Mit as many of the Lao people goes for a massage regurarly so he took us to the place he usually visits. I donâ€™t think the stuff saw often foreigners here because they seemed a bit surprised. Fortunatly we had Mit with us as nobody could speak English here. My two coward travel mates wanted me to go alone, they would get a massage another day. Chicken!! They were just afraid the massage could be too painful (according to what I heard from Mit it usually was). I couldnâ€™t backup anymore and didnâ€™t really plan to do that. I paid the ridiculous price of 2,50 USD for an hour and had a last look at that 2 chicken Pavel and Sergej. But before I followed a tiny Lao girl to one of the rooms Mit whispered into my ear a magical word that was supposed to protect me against any harm. I undressed and the tiny girl showed me where to lye down. I tried to exchange some words, but the response was giggling and head shaking. Whatever I tried it made her giggle, never expected somebody would find me that funny. The girl was tiny but obviously stronger then she looked liked, ouch. It was time to say the magical words from Mit: â€žkoi-koiâ€ś. Aaaahh, she nodded and the pressure on my muscles and bones became less. Mit, my life saviour. The expression â€śkoi-koiâ€ť means â€śsoftlyâ€ť by the way. The time passed by quickly and when I went out Pavel and Sergej laughed that I had a big smile on my face I just wasnâ€™t able to get off for a couple of minutes.
This is supposed to bring luck.
Was I high?
My co-traveler Sergej taking pictures of school kids.
The best part of our staying in Vientiane was probably joining Mit and his friends during the New Year celebrations. Funny Lao people, they really celebrate New Year 3 times: the international one, the Chinese New Year in February and their own Lao New Year in April. The Lao version is the funniest. The people splash water on Buddha statues and on each other as well. Sometimes it becomes a real water fight, of course for fun only. We thought we were ready for it after we bought little water pistols in Luang Prabang, but the only thing we achieved was the kids laughing at us, they had these huge water pump guns, aaaahhhhh. It was a war we couldnâ€™t win, but we fought like lionsâ€¦wet lionsâ€¦extremely wet lions. Being foreigners the kids chose us as the funniest target. Our group was driving from one temple to another (we did 9 that day, had to do at least 7 and it should stay an impair number, tough rule, haha), us and some of our new Lao friends were sitting on the deck of the pickupâ€¦an ideal target.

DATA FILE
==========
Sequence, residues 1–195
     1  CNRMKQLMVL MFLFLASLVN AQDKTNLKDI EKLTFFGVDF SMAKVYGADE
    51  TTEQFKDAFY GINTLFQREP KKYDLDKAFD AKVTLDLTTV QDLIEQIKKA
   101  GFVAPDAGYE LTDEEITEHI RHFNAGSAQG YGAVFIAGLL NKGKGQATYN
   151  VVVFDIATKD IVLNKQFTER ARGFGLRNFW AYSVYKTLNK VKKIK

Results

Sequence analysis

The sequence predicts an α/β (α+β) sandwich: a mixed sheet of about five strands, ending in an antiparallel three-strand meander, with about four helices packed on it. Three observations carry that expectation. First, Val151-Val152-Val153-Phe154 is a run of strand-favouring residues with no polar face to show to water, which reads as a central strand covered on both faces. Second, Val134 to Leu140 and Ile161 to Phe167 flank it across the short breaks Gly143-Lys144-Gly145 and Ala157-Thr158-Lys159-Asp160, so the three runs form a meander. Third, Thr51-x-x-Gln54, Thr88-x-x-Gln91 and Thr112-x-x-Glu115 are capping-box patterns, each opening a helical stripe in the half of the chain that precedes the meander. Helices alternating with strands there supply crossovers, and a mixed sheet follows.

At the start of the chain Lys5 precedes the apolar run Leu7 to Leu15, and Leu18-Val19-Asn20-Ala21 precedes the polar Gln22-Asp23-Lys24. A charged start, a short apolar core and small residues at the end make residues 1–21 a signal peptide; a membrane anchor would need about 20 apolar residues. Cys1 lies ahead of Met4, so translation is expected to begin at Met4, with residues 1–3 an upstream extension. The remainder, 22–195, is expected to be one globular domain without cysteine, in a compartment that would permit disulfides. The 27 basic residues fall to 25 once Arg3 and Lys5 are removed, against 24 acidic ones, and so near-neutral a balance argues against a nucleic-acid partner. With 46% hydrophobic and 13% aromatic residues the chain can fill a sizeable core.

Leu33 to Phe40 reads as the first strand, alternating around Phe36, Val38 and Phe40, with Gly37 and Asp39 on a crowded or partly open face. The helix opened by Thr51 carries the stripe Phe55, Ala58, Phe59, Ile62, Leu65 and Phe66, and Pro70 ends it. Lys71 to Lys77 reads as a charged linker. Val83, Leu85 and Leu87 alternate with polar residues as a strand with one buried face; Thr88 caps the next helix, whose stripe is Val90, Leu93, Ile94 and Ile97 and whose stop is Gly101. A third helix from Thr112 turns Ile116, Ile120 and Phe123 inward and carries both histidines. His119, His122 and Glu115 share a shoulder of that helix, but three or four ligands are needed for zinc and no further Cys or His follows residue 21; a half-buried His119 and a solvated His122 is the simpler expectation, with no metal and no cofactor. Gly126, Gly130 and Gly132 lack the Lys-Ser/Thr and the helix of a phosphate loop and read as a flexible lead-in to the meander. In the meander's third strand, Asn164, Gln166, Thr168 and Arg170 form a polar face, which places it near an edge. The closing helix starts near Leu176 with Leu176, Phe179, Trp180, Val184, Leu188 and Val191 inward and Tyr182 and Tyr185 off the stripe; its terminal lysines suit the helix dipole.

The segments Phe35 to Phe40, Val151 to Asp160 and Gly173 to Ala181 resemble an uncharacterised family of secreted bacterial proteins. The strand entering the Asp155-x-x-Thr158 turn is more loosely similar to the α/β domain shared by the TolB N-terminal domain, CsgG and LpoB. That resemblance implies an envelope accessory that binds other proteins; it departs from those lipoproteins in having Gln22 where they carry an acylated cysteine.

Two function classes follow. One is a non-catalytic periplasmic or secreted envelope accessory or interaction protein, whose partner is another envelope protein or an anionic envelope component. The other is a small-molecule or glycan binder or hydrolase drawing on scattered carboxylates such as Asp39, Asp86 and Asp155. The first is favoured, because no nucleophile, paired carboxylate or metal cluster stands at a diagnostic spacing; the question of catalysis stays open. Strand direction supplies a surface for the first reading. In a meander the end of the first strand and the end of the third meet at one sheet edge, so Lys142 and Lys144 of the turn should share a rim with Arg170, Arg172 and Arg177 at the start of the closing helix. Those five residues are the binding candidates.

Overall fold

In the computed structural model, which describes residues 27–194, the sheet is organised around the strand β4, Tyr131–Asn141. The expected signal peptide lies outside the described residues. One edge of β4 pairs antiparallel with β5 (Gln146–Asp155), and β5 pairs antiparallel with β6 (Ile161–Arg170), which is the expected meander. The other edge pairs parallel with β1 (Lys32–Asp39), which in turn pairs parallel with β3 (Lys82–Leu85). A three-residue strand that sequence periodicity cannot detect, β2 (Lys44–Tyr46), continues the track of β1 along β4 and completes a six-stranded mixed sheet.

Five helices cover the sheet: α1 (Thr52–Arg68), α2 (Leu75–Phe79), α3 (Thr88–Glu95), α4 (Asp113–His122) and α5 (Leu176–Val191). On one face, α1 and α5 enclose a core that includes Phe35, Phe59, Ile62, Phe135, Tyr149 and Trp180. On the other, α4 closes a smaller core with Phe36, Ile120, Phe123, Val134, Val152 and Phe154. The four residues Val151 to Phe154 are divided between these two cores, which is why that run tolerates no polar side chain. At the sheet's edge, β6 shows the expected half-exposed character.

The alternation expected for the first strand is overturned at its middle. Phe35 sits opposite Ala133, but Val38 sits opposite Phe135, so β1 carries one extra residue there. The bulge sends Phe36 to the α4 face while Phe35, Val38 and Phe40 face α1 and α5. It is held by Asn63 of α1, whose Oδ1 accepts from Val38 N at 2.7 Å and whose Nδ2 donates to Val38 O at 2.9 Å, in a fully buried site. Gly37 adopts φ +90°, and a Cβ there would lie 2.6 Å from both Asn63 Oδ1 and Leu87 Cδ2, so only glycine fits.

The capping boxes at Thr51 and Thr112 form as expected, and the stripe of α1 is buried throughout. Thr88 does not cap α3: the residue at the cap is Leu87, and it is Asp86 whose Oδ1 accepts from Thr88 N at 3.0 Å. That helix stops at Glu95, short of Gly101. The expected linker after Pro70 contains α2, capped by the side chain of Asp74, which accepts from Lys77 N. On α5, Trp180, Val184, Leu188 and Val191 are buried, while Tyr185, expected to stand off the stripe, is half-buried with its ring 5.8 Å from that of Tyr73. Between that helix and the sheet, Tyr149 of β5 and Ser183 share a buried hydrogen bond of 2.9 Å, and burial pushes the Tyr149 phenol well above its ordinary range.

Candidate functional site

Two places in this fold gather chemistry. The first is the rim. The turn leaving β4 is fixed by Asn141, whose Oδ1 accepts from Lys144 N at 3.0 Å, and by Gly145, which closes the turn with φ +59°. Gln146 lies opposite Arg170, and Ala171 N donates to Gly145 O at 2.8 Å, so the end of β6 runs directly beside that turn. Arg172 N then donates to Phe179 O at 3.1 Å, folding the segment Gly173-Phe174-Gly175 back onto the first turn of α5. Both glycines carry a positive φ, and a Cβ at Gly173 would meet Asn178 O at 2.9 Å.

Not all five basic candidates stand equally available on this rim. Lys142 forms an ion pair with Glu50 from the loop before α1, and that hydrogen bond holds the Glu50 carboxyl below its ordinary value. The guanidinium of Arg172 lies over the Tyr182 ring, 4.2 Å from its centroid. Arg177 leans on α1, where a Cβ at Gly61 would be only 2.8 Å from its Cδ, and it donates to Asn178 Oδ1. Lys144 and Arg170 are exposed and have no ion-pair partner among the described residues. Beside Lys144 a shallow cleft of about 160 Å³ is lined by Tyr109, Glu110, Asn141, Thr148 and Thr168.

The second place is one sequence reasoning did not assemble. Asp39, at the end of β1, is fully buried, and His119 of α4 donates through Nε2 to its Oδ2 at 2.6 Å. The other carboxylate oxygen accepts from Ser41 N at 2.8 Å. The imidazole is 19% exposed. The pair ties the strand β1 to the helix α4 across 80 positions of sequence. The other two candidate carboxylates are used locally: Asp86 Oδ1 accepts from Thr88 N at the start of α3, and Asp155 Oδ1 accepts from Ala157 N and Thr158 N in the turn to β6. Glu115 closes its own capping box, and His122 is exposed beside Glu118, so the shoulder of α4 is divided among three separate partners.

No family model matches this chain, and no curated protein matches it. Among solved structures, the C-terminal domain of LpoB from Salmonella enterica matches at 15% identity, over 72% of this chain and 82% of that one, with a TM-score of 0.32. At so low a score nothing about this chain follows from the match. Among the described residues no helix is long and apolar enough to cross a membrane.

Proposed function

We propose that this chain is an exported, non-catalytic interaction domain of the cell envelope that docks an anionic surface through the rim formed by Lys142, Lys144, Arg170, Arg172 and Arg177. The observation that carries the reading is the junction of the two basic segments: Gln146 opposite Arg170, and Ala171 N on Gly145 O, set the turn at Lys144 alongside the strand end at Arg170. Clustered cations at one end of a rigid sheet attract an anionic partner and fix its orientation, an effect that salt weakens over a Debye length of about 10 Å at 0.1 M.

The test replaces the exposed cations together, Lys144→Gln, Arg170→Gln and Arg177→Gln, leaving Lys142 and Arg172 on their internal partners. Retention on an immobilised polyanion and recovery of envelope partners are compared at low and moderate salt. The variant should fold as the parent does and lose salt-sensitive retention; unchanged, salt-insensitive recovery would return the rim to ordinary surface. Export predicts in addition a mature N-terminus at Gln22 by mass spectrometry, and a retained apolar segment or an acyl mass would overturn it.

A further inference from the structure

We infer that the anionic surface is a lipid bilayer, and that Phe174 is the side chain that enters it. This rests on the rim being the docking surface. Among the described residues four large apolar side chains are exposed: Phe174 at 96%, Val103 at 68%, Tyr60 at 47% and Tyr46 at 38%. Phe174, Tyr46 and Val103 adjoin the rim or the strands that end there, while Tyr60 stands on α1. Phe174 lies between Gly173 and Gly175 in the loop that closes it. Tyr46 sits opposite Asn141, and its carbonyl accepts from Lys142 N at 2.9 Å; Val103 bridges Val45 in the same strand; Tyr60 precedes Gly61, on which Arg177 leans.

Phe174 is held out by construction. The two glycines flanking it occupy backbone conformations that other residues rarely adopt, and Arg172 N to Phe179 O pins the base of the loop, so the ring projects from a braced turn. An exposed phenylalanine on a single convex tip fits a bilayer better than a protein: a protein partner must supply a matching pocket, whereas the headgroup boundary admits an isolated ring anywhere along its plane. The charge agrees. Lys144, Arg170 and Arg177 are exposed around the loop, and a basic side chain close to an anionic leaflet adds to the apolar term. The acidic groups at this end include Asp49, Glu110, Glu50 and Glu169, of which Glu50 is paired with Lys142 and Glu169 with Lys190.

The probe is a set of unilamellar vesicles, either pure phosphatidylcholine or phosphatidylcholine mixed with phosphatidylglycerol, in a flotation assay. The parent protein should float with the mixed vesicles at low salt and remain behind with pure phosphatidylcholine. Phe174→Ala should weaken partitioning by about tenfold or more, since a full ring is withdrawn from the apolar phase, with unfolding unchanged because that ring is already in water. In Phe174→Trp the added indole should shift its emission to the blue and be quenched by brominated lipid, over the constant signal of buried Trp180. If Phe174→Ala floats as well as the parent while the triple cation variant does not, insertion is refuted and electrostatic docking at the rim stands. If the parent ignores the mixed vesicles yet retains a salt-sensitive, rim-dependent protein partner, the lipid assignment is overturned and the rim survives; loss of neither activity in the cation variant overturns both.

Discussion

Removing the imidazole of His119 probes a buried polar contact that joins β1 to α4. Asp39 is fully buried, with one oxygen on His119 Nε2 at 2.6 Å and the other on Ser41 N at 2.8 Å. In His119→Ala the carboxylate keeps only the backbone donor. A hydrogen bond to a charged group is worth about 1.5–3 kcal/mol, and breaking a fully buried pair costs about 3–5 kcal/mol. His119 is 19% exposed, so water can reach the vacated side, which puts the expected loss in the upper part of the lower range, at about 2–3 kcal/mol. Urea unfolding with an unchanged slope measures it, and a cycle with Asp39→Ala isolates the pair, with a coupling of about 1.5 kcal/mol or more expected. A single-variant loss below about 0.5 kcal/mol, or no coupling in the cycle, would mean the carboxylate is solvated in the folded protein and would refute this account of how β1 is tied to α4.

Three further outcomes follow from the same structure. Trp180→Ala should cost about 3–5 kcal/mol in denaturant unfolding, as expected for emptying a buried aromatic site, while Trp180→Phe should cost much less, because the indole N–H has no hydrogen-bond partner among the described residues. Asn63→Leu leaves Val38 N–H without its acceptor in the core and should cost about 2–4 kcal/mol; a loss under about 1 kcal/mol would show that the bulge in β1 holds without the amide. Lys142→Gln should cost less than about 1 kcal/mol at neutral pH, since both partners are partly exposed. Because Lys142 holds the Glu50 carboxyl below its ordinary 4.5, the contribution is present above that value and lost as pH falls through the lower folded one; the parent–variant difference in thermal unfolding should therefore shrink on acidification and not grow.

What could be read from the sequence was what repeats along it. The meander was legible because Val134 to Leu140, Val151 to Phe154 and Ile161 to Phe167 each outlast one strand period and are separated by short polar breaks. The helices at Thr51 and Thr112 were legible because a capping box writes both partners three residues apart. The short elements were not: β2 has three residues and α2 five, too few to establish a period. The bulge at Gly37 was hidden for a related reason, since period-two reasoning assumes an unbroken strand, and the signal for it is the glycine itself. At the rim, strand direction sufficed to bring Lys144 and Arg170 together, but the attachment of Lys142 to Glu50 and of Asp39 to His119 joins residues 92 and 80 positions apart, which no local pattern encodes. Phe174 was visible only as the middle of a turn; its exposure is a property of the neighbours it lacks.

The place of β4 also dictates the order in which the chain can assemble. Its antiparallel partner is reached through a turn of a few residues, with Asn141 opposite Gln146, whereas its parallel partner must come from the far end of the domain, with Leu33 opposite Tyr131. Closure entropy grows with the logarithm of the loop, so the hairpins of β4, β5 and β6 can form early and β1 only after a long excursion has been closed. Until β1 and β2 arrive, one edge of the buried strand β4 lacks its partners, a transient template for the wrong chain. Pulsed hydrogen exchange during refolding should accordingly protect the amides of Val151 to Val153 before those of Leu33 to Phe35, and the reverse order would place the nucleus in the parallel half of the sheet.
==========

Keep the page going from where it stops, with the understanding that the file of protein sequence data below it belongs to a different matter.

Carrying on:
We were completely wet already before we arrived at the first temple, hahahaha!!!!!! After that it didnâ€™t matter anymore. Mit warned us before a bit what we had to expect. Was definitely a lot of fun.
My co-traveler Pavel with Mit.
Mitâ€™s friends would like to have us staying longer in Vientiane, but we had to catch our nightbus to Pakse in the south of Laos that evening. Before we got prepared Sergej discovered that he forgot his passport in the pocket of his trousers while we were outside in the craziness of the Lao New Year celebrations. Of course it got completely wet. Gosh, I still have to laugh when I remember that pictures of Mitâ€™s grandma and mom drying Sergejâ€™s passport in front of a ventilator, hahahaha. So nice of them.
The national treasure of Laos!
As Mit wanted to spend a little bit more time with us he decided to join us to south Laos. We expected it would make the travelling much easier, but actually we almost missed our night bus as Mit confused the place of the departure, hahaha. However close it was, we managed suddenly. There we went for some new adventures.